We both work at a FLGS. Among the many hats I wear, I help the owner sift through the pre-orders that our distributors post up on a weekly basis. I add every one of them to a spreadsheet that we use to keep track of what we’ve pre-ordered from whom: how many copies, what date it was ordered, what the wholesale cost from the distributor is. Sometimes they’re duplicates; one distributor had this game listed up last week, or two of them both listed them this week, or a game went up, disappeared from the pre-order list, and then suddenly gets relisted, this time with a whole shiny launch kit and a bunch of promos. It’s enough to make my head spin, but I can’t deny it’s fun. I love being at the leading edge, knowing what’s coming down the pipe, getting hyped up and excited and starting to do my research so that I know as much about this industry as I can possibly retain.
But this week…I added 61 new lines to that spreadsheet.
Every time I feel like this bubble cannot possibly get any larger without popping, it inflates again, to mind-boggling degrees. In 2018 alone, over 5000 new titles were added to BoardGameGeek. Now, that’s including expansions, and self-published games, and a fair few of those were early additions to the database in anticipation of Kickstarters launching in early 2019, but even still–that’s a LOT of game. How can anyone keep up?
I also find myself wondering about the patterns I’m starting to see in those releases. Cards Against Humanity first broke onto the scene, a few years ago, and suddenly, everywhere you looked there was some crass, adult-focused take on the Apples to Apples formula. Dungeons & Dragons has never been bigger, and so every week this year has brought a handful of new tabletop RPG releases. A couple of roll-and-write/flip-and-write games became critical darlings, and suddenly I have–let me see–a dozen different iterations of that same formula either recently in store or yet to come down the pipe.
It’s like, if someone decides apple pie is going to be the next big thing, and suddenly, sandwich boards are popping up all down the street proclaiming, “Try our new apple pie!” “Apple pie now here!” “We’ve got apple pie!” And instead of playing with the flavours–offering apple-strawberry, or apple-rhubarb–or the crust–putting the pie in a graham cracker crust, or a nut crust, or making mini tartlettes instead of a full pie–or even, heaven forbid, reinventing the very concept of apple-based desserts with an apple cake, or apple-pie-n-a-stick, or “deconstructed” apple pie…everyone’s just shoving apple pie into the cooler and hoping that people will pick up theirs first.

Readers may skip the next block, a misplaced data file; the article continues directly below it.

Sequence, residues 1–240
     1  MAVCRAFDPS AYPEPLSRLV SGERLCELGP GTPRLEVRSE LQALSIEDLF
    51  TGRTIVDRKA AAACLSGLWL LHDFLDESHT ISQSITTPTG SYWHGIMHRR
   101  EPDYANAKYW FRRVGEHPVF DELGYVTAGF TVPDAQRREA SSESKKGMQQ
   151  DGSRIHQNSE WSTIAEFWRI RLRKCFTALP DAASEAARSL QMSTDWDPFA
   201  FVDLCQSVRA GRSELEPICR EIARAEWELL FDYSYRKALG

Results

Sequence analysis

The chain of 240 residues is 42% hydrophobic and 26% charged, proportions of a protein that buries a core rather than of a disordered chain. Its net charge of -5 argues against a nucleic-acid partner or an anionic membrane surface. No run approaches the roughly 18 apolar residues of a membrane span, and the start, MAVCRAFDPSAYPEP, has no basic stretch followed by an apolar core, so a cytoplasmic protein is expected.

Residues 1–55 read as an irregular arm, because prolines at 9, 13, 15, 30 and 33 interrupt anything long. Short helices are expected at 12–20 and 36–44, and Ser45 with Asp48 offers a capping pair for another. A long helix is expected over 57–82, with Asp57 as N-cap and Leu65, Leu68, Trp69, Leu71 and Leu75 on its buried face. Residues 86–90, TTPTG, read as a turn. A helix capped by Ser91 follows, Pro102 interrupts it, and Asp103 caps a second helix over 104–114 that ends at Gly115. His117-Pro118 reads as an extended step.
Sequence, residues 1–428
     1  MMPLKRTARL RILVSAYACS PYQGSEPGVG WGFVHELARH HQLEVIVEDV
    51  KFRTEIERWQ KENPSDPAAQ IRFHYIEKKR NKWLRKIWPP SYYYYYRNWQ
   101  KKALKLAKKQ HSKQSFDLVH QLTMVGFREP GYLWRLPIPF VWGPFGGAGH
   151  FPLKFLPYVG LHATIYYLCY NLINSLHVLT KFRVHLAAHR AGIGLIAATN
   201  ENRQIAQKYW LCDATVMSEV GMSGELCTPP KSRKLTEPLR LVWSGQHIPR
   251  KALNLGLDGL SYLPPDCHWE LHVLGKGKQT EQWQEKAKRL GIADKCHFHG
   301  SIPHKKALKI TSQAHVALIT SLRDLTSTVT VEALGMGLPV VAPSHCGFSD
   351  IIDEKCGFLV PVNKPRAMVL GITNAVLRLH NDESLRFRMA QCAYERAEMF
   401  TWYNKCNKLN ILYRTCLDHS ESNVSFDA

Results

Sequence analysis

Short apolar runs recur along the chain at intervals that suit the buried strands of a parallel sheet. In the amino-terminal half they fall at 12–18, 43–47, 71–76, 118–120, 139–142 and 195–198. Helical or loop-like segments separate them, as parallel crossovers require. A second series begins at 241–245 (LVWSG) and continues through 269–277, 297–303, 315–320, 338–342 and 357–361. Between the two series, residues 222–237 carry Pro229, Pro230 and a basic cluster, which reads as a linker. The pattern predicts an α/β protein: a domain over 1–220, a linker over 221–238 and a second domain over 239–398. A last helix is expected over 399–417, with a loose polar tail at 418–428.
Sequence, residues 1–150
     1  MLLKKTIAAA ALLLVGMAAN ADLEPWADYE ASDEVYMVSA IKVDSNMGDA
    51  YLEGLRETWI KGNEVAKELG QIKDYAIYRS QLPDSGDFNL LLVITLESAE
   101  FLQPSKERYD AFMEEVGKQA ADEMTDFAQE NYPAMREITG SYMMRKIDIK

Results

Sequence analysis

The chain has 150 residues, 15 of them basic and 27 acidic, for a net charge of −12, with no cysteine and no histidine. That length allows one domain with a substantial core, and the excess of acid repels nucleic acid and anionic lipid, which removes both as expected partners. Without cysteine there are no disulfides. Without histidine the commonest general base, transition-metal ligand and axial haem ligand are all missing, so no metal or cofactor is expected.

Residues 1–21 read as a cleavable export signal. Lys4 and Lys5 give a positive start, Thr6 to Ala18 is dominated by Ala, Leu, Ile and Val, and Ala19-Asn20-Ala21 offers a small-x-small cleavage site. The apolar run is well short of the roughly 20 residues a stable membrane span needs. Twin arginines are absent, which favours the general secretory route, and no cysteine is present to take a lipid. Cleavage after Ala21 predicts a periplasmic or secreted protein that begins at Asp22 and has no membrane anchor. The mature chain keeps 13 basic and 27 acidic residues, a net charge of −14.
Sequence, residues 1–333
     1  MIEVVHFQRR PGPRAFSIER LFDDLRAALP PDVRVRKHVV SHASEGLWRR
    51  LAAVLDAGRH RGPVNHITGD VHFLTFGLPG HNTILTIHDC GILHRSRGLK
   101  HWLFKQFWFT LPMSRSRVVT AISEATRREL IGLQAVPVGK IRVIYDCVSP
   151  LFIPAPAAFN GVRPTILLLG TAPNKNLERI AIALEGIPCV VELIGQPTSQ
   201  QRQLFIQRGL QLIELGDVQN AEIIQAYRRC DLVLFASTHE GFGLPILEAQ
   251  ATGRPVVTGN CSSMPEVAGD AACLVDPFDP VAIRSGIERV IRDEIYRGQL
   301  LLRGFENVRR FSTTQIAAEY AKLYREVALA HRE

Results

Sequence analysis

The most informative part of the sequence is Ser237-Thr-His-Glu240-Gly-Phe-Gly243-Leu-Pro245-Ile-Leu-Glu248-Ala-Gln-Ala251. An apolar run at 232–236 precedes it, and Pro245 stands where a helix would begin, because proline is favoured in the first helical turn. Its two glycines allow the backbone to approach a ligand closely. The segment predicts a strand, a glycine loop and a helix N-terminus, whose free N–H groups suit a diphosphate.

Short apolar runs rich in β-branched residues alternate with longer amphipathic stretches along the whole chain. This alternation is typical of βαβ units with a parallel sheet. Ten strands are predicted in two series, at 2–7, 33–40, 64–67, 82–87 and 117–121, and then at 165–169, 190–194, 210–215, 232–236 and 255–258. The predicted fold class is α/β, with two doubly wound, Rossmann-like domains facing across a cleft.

Because no one is going to stroll down the street and go into every single cafe, and restaurant, and bakery, and sample each and every single apple pie and then decide which one they like the best. They might try two or three; but after that, even the biggest apple pie aficionados will get sick of it. Instead, they’ll just find one that is “good enough”, and stick with it until a new kind of pie comes along.
So, to bring the metaphor back around to real life: instead of rolling out unique titles, aiming for ground-breaking new mechanics or innovative gameplay, it feels like everyone is just trying to make sure they can block off a piece of “the pie” for themselves. They need to have some kind of apple pie, some kind of roll-and-write, some kind of RPG, some kind of arguably-tasteless party game available, or else people hunting for a taste of the next big thing will just walk on by.
Now, are there still folks out there innovating and inventing? Absolutely! You don’t get 61 new items in a week without there being at least a spark of something new and exciting. And our popular culture, our media–it’s always been, not defined, but at the very least punctuated by trends and movements. There’s no reason board games should be any different, and it’s not inherently a bad thing. On the other side of the fence, we are starting to see publishing companies like AEG take a stance that is firmly against this exponential rate of growth, pledging in a recent news post to “Make Fewer, Better Games”: pushing for quality over quantity, and for innovation over following trends.
For Bri and I, board games are a creative outlet. They spark our brains the way very few things manage to do, between work, physical and mental health problems, and the endless shortage of Enough Time. I would hate to see an industry that is so closely tied to creativity lose its own spark under a tidal wave of sameness. But I guess we’ll just have to wait and see.